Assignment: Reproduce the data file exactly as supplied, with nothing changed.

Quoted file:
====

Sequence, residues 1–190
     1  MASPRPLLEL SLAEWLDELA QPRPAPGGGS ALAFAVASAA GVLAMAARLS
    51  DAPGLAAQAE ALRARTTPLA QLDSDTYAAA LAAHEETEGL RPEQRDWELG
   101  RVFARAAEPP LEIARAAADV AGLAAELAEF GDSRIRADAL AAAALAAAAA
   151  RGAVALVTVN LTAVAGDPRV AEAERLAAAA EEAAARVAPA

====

Sequence, residues 1–190
     1  MASPRPLLEL SLAEWLDELA QPRPAPGGGS ALAFAVASAA GVLAMAARLS
    51  DAPGLAAQAE ALRARTTPLA QLDSDTYAAA LAAHEETEGL RPEQRDWELG
   101  RVFARAAEPP LEIARAAADV AGLAAELAEF GDSRIRADAL AAAALAAAAA
   151  RGAVALVTVN LTAVAGDPRV AEAERLAAAA EEAAARVAPA